Q: When Will My Son Take Responsibility for His Education?
You’ve held your child’s hand for a long time, guiding him through life’s challenges and the obstacles inherent in ADHD. But you can’t follow him around in high school. How do you inspire him to step up and assume ownership for his life? What does this boundary-setting process look like?
Q: “My son is in the 8th grade and struggles with writing down assignments and being self-motivated. I find myself constantly checking up on what he has to do for homework, asking him if he turned in his assignments, etc. He is headed to high school next year and I want him to take more responsibility for his own education without me constantly having to ask him questions about it. I want to instill responsibility in him without being a helicopter mom. What suggestions can you offer?”– NCMom
Boy did this question resonate with me! It wasn’t too long ago I was sitting across the table from my own child trying to figure out how to negotiate boundaries. But before we dive in, let’s start with your son’s struggle to write down assignments.
Is writing down assignments a true struggle for him or is he refusing to write down anything because he feels he doesn’t need to? Does he insist that he can remember it all in his head?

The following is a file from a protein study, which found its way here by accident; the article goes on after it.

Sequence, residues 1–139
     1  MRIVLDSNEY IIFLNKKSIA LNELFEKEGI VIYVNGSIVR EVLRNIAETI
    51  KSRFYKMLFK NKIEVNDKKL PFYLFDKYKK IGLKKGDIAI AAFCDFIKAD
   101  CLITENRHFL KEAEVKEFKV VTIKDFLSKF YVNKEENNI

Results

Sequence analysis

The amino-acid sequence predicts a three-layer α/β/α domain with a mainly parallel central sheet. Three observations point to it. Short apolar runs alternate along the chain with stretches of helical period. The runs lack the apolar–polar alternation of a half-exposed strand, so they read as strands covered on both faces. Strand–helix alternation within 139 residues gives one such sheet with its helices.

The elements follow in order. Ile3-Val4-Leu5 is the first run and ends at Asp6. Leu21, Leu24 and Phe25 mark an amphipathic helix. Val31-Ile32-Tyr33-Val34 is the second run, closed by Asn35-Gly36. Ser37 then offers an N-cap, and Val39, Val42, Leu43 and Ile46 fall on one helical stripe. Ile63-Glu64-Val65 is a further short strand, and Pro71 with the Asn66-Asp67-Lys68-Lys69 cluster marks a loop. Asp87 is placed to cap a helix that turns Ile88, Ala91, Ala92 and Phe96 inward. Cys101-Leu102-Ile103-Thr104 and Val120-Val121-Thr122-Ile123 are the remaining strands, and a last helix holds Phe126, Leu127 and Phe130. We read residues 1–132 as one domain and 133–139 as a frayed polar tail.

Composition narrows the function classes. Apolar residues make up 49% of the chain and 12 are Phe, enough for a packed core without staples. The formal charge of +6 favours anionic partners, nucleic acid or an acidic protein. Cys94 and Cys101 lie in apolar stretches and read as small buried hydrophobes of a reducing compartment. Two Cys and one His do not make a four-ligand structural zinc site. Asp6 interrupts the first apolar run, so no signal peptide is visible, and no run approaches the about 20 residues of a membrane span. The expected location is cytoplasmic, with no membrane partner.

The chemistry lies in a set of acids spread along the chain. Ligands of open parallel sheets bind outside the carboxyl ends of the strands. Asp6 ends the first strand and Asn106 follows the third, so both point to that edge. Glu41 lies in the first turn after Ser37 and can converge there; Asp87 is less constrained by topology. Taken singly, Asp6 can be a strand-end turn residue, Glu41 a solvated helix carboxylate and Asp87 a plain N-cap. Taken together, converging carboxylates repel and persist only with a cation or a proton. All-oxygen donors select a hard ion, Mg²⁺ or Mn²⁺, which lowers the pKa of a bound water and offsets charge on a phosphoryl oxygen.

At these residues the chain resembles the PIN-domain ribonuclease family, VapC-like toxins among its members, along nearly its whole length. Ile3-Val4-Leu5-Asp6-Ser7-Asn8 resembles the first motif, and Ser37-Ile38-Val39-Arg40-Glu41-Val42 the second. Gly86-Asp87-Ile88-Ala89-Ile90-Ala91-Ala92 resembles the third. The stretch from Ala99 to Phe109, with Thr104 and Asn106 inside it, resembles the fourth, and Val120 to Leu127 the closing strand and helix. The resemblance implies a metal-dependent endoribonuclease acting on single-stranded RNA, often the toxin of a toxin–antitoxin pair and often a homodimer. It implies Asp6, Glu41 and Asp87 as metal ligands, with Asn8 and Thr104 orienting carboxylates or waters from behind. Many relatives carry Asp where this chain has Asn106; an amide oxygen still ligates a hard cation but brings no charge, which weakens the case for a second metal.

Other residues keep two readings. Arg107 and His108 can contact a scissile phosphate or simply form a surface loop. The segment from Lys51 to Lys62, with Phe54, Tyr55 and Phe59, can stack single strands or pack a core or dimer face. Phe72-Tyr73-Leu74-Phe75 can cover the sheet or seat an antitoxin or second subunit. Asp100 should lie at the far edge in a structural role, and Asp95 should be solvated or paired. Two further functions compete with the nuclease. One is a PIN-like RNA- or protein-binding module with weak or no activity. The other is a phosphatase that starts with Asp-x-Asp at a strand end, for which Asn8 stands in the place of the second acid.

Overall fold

As tempting as it may be to lay down the “write down your assignments” law, resist this idea. At least for now. Like all systems, this one will only be effective if your son is willing to do it. Instead, start small and build slowly. Maybe he would prefer to snap a photo of his assignments or check the teacher’s online website? Perhaps texting or emailing the homework to himself appeals to him?
I had a student once who carried a roll of paper towels and each day tore off a sheet and wrote his homework down that way. It was fun and anti-boring and tapped into his sense of humor and quest for novel approaches to mundane activities. My point is to work with your son to find a system that will resonate with him. And remember that writing down homework is the system, not the goal. The goal is to find a way for him to capture what it is he needs to do.
How can you support your son without overstepping boundaries? I want you to go for the big questions. What do I mean? Instead of asking about specific assignments, try thought-provoking questions such as, “What are your priorities tonight?” or “What’s your plan to figure out tonight’s critical assignments?” or even “How are you going to remember to hand in your homework?” Starting conversations like this is a softer approach and also switches the problem solving over to your son.
Lastly, here’s a question: Are you giving your son opportunities to rise to the occasion? Though it felt super nerve-wracking at the time, when my son was your son’s age, I purposely allowed him to “try and fly” on his own. I set parameters – and made them clear, concise, and direct. I ensured that he knew he was accountable. And while he dropped the ball from time to time, he did appreciate that I trusted him to manage it all.
Organization guru Leslie Josel, of Order Out of Chaos, will answer questions from ADDitude readers about everything from paper clutter to disaster-zone bedrooms and from mastering to-do lists to arriving on time every time.